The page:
Usually our observations are shared with whoever has the misfortune of being in the vicinity when we’re talking to ourselves, but now that everyone has a blog, every idle observation is turned into a post because we feel like every thought we spend more than 2 seconds pondering must be worth writing down.

    It’s not.

    This post of yours simply observes the abundance of crap but does nothing to identify its source or to help people understand why even seasoned bloggers generate so much crap. Diggers and users of other bookmarking sites are guilty of perpetuating the ‘crapalanche’ as I call it, based on their agreement with particular observations, or their perception of humour, etc.

    Crap is easy to digest and is quickly passed on, which is why it invariably makes it onto Google’s front page, thereby further crapping up the internet. In fact, if I’d written about this crappy post on my crappy blog (even if I disagreed with it, which I don’t) it would have further escalated the crapfest.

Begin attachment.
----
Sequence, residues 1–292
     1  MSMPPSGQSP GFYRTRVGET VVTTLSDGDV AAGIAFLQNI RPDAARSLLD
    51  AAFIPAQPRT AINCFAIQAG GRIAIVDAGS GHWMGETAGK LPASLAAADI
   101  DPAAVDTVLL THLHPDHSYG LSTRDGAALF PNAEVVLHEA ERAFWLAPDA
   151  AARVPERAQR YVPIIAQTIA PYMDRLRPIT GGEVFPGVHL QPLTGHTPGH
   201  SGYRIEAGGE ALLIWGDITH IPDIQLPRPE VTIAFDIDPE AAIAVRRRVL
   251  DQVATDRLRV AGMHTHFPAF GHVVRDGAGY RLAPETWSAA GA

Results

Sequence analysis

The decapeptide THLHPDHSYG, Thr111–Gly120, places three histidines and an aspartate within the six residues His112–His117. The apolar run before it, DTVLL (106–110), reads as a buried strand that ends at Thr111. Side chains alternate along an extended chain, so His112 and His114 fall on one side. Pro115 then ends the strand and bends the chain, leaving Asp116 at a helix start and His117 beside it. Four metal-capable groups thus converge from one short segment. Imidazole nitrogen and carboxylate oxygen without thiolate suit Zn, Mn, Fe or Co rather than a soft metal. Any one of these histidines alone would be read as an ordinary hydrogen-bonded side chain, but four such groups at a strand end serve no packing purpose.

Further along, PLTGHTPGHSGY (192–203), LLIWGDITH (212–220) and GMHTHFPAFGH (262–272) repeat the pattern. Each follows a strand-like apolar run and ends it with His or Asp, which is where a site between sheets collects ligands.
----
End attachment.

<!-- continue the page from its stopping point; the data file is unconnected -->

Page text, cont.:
So how do we throttle the craptacular?

    Well, unfortunately that’s like asking your mother not to have an opinion about your new girlfriend. Bloggers want to express themselves but it’s that very expression which is choking the web.

    Content which isn’t crap is directly about taking action, doing stuff, offering methods by which one can actually achieve something. The only other non-crap content is wildly entertaining. Everything else is meaningless self-promotion, and that’s crap because nobody really cares about us the way we care about ourselves.

    Case in point: My link is attached to this crappy comment.

  3. Nice thought. I am sure that all the crap is also an easy chance to find niches and do it better. So probably somebody looking for a new niche should find the crap first to develop a ‘I will do it right’ concept

  4. James: Great insight. But there’s the rub, I guess: getting noticed, in order to be linked to.